I don't want to pick on KEY just because it's currently a Zacks #5 Rank due to downward EPS revisions from Wall Street analysts. What I want to do is highlight the factors that are driving this systemic meltdown in a key infrastructure component of American business -- the Regional Bank.

Regional Bank Stress Puts Spotlight on Cash Management

Here was a note from PIMCO strategists this week...

Since the GFC (great financial crisis), the global financial system has undoubtedly become more resilient, thanks to new central banking facilities and regulations such as mandatory capital requirements. Thus under normal conditions, a bank can run a mismatched asset/liability maturity plan and lend its deposits out profitably.

It's when depositors demand their funds back en masse that problems arise. Such is the inherent risk of our "fractional reserve" banking system, where banks need keep only a fraction of their deposits on hand to create loans in excess of the size of those deposits.

(end of PIMCO notes)

Mis-Match: Therein Lies the Rub

The arcane problem that most investors aren't familiar with is how Fed policies that artificially suppressed interest rates for far too long -- combined with the pandemic shutdown stimulus cash flood to businesses and individuals -- forced banks flush with new deposits to invest in the highest yielding assets they could find at the time, since they couldn't lend it any faster.

It wasn't just a Silicon Valley Bank problem. It was happening for lots of smaller banks that catered to wealthy investors and venture capital (VC) investors, such as First Republic Bank.

Those assets they "had to choose" from were Treasury and Agency MBS yielding sub-2%. And so when the Fed began hiking rates rapidly in 2022, all of sudden these bank balance sheets were left with a new problem...

"How do we keep and attract depositors who can go elsewhere for 3-4% yields while we are invested in instruments that yield less than 2%?"

That's a major funding problem for banks trapped in long-term gov/agency securities.

I was on the BlackRock institutional morning call on Wednesday and all their strategists sounded somber, sober, and sublime about the situation. Too bad I didn't get to ask them any tough questions.

I like the direct honesty of the PIMCO team much better.

Remember, in the "fractional reserve" banking system... banks "borrow short and lend long." This means they often borrow by taking checking and savings deposits -- which must be paid back immediately whenever depositors ask for them.

On the other hand, most of the money they lend out is tied up in long-term loans, such as mortgages.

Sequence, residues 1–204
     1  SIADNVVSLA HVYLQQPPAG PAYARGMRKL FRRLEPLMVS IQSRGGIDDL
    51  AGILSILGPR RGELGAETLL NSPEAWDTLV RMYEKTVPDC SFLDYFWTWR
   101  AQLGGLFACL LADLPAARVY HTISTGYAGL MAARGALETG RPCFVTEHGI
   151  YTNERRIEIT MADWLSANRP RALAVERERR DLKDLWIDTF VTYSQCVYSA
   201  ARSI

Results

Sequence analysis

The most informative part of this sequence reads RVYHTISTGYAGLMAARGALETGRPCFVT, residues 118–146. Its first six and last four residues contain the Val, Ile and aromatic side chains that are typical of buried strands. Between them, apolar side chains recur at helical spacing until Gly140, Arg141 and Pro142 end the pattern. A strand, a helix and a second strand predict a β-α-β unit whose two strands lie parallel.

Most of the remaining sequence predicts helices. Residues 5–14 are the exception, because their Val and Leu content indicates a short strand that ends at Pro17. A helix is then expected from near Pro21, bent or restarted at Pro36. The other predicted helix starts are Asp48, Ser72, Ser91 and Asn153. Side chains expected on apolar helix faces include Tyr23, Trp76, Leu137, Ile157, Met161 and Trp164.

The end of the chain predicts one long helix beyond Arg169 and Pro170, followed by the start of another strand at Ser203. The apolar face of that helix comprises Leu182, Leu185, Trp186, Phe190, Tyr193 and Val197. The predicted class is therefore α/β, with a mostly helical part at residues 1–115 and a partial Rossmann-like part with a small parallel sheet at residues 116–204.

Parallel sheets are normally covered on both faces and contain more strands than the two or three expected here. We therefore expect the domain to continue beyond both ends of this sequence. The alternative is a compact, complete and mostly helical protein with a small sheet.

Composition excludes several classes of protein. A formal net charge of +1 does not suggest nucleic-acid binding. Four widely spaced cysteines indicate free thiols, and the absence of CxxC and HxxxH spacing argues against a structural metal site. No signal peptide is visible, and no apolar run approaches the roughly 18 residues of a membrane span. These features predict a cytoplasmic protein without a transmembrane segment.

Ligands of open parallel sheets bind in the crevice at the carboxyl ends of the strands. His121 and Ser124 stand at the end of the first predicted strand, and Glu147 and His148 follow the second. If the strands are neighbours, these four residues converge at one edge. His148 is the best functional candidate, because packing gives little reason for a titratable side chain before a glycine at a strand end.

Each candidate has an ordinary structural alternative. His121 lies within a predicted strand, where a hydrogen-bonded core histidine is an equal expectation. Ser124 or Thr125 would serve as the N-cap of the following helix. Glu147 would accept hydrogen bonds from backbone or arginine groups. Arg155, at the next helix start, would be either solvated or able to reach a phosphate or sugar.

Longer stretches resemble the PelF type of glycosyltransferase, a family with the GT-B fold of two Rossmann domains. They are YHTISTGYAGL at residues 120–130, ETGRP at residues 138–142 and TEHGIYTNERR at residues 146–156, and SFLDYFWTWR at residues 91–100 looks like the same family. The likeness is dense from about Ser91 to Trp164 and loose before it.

With the sudden and dramatic rise of ZIRP, instead of Net Interest Margin (NIM), most regional banks were staring into the abyss of Negative Interest Margin just to keep and attract deposit capital.

And there is a whole other realm of bank accounting rules where they can "silo" those gov assets as Hold-to-Maturity (HTM) and not have to acknowledge the unrealized losses on their balance sheet (remember as bond yields go up, their prices fall). But any of those securities they keep fresh for liquidation are called Available-for-Sale (AFS) and those do get "marked-to-market."

It's a complicated web of derivatives and leverage right now and that's why all regional and smaller banks are in the spotlight and the cross-hairs. As we've witnessed several bank implosions in the past week, the Wall Street sharks (short-sellers and their algo friends) will keep gunning for new blood.

I hope that doesn't happen for KeyCorp with its significance in small and medium-sized business lending.

Additional content:

3 Safe Stocks to Beat Market Uncertainty

The failure of the Silicon Valley banks sent shock waves through the investment community, with many investors fearing a repeat of the financial meltdown in 2008-9. Everyone was racing to offload their bank stock holdings, making Monday quite the bloodbath for banking stocks. Come Tuesday, the reality began to sink in about this year being very different from that time and analysts and market watchers did their bit convincing investors that no such catastrophe was likely, especially given the government's mitigating actions.

There was also other good news related to the CPI, which didn't disappoint. As a result, some ground was regained. Today it seems there is more of the same with Credit Suisse stock being punished after the Swiss bank's largest investor denied further financial assistance.